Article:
Violence in Palestine May Increase Anti-semitism in England, British Clerig Warns

Voicing his personal anxiety over the growth of anti-Semitism in Great Britain, Rev. William W. Simpson, who arrived here from London to discuss plans for an international conference of Christians and Jews, today told a press conference that he welcomed the formation of the Anglo-American inquiry committee in Palestine as a possible solution to the problem. He also stated that he is in accord with the recent statement of British Foreign Minister Bevin in Commens since it states that the complete solution of the Jewish problem does not lie in Palestine.

The attitude of the British people as a whole, he said, is “sane,” but evidences of a growing feeling of anti-Semitism is noticeable. Rev. Simpson cited the example of a recent disorder in Hampstead, one of London’s many boroughs, where a move to oust German and Austrian refugees from their homes to make room for returning servicemen and their families took on a decided anti-Semitic tinge. When word of this got about, however, he said the press assailed the movement, apparently squelching it.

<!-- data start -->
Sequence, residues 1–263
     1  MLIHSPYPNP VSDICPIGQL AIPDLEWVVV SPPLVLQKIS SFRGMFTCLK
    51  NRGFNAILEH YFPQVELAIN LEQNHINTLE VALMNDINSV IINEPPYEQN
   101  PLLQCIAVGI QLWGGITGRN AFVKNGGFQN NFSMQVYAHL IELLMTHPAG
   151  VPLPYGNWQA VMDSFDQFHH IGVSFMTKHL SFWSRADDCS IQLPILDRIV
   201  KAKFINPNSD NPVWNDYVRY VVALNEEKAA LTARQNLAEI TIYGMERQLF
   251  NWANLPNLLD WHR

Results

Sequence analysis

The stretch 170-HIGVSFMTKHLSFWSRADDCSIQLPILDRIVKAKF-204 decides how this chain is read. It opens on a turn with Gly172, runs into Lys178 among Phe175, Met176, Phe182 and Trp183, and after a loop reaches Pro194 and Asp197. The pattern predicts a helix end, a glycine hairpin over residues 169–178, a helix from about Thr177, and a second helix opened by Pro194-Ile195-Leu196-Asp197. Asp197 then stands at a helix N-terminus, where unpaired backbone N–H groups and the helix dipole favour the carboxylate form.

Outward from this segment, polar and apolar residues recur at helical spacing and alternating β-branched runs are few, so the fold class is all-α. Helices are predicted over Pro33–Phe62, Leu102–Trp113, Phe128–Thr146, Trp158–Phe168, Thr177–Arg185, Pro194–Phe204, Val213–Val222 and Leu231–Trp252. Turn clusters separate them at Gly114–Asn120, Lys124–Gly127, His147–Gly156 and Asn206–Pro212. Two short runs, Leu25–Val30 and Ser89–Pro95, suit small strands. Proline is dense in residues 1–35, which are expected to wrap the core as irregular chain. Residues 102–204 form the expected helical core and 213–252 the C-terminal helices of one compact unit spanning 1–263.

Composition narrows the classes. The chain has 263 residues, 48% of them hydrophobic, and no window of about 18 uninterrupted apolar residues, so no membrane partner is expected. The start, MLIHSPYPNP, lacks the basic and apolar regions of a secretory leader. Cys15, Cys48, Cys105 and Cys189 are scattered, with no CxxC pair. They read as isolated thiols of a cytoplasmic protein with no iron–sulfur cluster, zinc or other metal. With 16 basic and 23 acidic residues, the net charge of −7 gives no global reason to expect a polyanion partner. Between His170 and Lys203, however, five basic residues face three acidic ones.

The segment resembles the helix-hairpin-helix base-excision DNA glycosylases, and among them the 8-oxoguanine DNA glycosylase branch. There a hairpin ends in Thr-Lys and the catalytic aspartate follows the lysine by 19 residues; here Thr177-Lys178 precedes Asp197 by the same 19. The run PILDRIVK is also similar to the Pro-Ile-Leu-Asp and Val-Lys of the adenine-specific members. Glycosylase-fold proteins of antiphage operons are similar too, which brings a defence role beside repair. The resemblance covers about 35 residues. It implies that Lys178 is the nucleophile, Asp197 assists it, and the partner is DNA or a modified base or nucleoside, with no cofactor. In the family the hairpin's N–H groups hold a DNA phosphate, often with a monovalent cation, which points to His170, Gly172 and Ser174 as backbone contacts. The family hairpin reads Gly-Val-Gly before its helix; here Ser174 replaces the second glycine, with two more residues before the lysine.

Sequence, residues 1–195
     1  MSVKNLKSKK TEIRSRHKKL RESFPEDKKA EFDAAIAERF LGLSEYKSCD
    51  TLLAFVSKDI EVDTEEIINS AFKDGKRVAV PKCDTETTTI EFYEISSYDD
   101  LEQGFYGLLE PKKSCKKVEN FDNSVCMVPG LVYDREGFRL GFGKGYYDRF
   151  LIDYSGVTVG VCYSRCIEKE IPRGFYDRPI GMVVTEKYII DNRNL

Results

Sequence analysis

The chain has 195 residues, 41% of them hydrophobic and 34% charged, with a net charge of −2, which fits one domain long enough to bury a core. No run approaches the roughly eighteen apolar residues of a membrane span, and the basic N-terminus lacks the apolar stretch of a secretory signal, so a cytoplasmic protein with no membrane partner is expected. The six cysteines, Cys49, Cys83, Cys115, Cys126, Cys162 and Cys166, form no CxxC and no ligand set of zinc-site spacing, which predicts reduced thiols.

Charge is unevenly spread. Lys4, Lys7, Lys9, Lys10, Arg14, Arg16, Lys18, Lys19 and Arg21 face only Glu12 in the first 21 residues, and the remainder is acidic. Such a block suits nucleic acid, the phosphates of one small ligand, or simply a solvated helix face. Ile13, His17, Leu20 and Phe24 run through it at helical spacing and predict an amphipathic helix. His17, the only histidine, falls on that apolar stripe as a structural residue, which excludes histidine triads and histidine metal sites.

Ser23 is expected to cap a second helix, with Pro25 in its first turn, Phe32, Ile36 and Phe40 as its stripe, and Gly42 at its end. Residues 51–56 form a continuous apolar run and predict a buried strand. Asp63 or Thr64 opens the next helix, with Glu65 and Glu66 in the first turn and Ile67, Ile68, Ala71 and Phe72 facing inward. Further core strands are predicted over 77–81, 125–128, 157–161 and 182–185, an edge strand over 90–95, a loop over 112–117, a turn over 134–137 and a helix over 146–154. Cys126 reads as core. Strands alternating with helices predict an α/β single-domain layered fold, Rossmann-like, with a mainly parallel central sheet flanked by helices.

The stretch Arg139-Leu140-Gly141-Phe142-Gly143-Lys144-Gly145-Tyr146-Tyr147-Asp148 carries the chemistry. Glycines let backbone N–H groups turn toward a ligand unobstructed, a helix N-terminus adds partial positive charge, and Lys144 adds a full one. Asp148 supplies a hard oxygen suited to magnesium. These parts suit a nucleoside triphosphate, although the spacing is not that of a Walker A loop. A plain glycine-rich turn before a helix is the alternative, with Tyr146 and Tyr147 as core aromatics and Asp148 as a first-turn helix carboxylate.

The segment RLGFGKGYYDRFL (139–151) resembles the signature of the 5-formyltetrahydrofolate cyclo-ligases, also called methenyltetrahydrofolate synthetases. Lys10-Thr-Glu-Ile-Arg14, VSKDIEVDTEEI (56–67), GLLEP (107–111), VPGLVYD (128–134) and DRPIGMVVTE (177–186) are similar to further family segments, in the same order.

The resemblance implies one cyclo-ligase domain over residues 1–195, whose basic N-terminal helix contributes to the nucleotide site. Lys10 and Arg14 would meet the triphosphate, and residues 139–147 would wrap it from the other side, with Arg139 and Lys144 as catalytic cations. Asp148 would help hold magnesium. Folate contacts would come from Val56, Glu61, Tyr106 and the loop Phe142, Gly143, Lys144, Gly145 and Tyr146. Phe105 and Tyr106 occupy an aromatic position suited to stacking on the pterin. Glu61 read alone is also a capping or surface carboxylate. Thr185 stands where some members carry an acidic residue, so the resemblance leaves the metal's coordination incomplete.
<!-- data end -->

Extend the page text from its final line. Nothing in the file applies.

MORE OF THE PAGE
There is a danger, Rev. Simpson said, that violence such as cropped up in the Sharon settlements recently, could boomerang and tend to aggravate whatever anti-Semitism there may be in England. He was aware, he said, “of the emotions of the Jews in these troubled days, but there must be clear thinking and understanding on both sides.” It is much easier in America to make suggestions than it is for the British Government, he declared.

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